Five present and former Green Bay Packers have already sided with the teachers and other government workers demonstrating in Madison, Wisconsin, according to Dave Zirin, sports columnist for The Nation, writing on the Huffington Post here.
Packer Quarterback Aaron Rodgers has been silent so far, Zirin writes, but the Super Bowl MVP should join the five others :
I believe in athletes having the freedom and space to NOT take political stands if that’s their choice. But I also believe that there are moments in history when silence itself becomes a political stand, a luxury we cannot afford. For Aaron Rodgers, the Green Bay Packers Super Bowl MVP quarterback, this is one of those moments.
Zirin engages in the usual vile, false rhetoric — Gov. Walker is “The Mubarak of the Midwest,” Gov. Walker is going to militarize the capital, and state workers will have to go on food stamps if the governor gets his way:
Rodgers is a graduate of Cal Berkeley so he’s hardly unfamiliar with the power of protest. He’s, also according to my sources at the NFLPA, a fantastic union rep so he’s hardly unfamiliar with the critical necessity of collective bargaining rights. The crowds in Madison are aware of this as well. I saw dozens of Rodgers jerseys as well as signs that read, “Aaron Rodgers is a union rep!”
Gov. Walker wants a state where anything that’s not nailed down is for sale to multinational corporations. If he had his druthers, Lambeau Field would be renamed Kraft Macaroni and Cheesehead Stadium. Or he would just sell the team to Los Angeles for 50 cents on the dollar. He’s that craven, that unprincipled, that callous about the future for the people of Wisconsin.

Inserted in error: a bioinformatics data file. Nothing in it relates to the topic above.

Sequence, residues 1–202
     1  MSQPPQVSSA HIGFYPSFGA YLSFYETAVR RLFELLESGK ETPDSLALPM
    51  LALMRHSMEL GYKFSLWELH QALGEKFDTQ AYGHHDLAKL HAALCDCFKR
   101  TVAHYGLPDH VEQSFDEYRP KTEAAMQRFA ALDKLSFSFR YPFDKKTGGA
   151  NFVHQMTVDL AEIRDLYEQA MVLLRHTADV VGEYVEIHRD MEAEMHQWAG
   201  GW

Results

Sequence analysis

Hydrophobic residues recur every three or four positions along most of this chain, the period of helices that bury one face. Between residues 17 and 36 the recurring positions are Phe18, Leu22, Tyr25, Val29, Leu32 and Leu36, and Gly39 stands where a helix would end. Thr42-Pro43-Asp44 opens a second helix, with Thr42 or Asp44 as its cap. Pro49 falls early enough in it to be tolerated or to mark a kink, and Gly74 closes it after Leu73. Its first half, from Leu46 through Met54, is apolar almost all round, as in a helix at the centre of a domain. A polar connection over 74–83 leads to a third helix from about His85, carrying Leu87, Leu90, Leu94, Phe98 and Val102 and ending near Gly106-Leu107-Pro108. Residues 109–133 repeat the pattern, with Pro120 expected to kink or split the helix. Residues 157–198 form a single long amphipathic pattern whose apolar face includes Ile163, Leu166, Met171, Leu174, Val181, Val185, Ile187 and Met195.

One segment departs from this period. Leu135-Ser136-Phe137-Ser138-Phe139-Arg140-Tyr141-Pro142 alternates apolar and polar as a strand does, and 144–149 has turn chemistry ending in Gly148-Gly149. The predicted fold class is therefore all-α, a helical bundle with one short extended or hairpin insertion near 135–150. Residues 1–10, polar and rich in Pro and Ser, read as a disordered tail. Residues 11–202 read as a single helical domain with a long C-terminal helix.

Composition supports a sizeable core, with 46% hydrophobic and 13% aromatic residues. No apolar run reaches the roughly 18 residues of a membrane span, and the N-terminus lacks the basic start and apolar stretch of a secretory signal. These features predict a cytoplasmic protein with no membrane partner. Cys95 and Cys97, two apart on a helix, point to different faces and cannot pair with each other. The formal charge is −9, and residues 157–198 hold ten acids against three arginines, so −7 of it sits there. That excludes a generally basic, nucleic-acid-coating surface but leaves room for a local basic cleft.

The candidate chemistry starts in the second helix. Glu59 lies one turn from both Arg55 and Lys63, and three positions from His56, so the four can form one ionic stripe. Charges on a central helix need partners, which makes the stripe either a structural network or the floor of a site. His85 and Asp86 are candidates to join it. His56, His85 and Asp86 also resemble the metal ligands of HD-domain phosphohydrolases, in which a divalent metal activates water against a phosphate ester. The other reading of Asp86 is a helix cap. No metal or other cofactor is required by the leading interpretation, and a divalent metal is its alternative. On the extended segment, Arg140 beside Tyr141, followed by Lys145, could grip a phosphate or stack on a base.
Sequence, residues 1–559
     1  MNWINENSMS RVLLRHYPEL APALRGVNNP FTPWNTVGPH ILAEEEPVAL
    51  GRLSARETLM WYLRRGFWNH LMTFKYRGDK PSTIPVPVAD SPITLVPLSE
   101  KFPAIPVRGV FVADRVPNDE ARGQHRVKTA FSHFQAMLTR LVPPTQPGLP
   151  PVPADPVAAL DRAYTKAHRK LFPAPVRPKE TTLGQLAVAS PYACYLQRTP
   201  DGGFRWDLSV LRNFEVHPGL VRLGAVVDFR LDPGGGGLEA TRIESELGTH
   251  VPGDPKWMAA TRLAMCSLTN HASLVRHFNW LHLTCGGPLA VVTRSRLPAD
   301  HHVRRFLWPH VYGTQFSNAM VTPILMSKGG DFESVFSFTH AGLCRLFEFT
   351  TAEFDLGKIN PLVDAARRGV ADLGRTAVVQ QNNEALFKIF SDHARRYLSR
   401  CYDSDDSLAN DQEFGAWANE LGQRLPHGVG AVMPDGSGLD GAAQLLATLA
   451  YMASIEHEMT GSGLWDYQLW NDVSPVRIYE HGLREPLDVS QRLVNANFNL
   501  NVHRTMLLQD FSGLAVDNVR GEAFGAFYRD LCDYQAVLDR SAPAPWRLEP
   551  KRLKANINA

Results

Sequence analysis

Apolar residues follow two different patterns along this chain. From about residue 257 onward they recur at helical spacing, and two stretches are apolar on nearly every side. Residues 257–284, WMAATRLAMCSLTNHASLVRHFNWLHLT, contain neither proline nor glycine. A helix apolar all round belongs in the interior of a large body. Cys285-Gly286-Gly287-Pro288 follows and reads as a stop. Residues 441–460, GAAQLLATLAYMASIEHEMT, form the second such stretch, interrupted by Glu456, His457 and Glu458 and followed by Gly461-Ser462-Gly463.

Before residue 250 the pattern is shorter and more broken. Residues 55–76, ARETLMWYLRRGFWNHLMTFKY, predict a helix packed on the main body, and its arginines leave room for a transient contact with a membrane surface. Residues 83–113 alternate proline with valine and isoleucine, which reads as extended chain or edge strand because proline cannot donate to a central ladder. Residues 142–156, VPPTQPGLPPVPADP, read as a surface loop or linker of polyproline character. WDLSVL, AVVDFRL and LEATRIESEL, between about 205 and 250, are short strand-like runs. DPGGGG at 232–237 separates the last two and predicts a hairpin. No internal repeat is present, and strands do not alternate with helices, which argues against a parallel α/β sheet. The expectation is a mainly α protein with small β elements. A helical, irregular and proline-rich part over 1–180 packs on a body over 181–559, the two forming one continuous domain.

Walker also says he has the “quiet majority” of Wisconsinites on his side. Given the unique place the Packers hold in the hearts of cheeseheads and given their status as a non-profit, fan owned team, there are no words for how much it would mean if Rodgers would issue a personal statement of solidarity. Last September, Rodgers said to the Sporting News, “Hopefully the legacy I’ll leave is one of somebody who was of high character, did things the right way, cared about his teammates, was coachable and was good to the community he lived in.” If that’s what Rodgers wants his legacy to be, the time is now. Aaron, your community needs you. Time to get your Berkeley-on and bring it to Badger-Land. One press conference, one quote, hell, one tweet. Anything but silence.
Zirin’s wrong, though. Aaron, silence is golden. Or in this case, make that green and gold-en.